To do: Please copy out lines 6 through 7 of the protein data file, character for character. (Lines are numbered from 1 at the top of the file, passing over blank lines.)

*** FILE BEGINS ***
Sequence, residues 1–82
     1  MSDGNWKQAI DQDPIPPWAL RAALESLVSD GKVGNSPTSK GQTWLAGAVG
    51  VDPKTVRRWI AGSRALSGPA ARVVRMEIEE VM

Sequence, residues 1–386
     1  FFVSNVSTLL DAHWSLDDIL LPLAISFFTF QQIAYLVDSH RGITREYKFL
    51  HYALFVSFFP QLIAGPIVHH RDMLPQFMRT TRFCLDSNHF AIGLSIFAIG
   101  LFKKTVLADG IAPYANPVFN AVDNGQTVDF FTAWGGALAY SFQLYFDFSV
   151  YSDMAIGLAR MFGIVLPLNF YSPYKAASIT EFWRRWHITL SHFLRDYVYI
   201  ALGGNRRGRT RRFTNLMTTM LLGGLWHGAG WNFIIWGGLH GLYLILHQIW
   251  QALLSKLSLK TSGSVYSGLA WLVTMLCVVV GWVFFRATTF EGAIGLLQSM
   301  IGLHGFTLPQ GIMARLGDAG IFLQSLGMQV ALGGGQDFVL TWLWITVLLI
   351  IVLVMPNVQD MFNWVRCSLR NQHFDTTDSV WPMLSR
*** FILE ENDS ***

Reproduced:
    51  HYALFVSFFP QLIAGPIVHH RDMLPQFMRT TRFCLDSNHF AIGLSIFAIG
   101  LFKKTVLADG IAPYANPVFN AVDNGQTVDF FTAWGGALAY SFQLYFDFSV